Why they don't practice what we teach: Teachers' perceptions of culture and *context in Adult Basic Education
The methods that teachers use in today's adult basic education classrooms bear a striking resemblance to what Mezirow, Darkenwald, and Knox (1975) observed in their groundbreaking study of ABE nearly thirty years ago. Researchers say that teachers ignore alternative methods and refuse to change. The purpose of this study was to investigate what actually influenced teacher choices and construction of practice as a means of finding a starting point for change.
The question driving the research was, “What are the cultural and contextual factors that inform and shape practice in adult basic education?” Using a qualitative, interpretive approach, fifteen teachers in two counties in North Florida were interviewed and observed over a six-month period. Data sources were interview transcripts, observation field notes, documents, and a journal. The responses and observations of the teachers was compared and analyzed as well as the data on the structure of the two programs.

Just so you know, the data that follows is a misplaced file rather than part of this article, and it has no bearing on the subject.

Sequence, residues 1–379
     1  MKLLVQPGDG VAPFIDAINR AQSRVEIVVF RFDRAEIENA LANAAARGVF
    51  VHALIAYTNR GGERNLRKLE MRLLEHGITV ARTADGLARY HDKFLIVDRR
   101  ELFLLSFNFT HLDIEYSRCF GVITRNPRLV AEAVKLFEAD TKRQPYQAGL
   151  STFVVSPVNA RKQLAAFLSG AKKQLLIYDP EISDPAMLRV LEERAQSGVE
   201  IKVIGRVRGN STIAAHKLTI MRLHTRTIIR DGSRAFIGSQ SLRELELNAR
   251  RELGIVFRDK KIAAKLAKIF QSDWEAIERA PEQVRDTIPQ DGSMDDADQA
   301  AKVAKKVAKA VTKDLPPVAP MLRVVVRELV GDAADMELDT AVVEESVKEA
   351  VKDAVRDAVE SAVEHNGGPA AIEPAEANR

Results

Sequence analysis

The findings revealed that at least four major factors inform and shape practice in adult basic education: teachers' conceptions of teaching and learning, accountability, the culture of teaching, and the uncertainty of practice. The author concluded that teaching practice in adult basic education looks as it does because teachers rarely have access to knowledge of alternative teaching methods such as collaborative learning and critical pedagogy, and those that do are also heavily influenced by the cultural and contextual factors that inform and shape adult basic education practice.
0516: Continuing education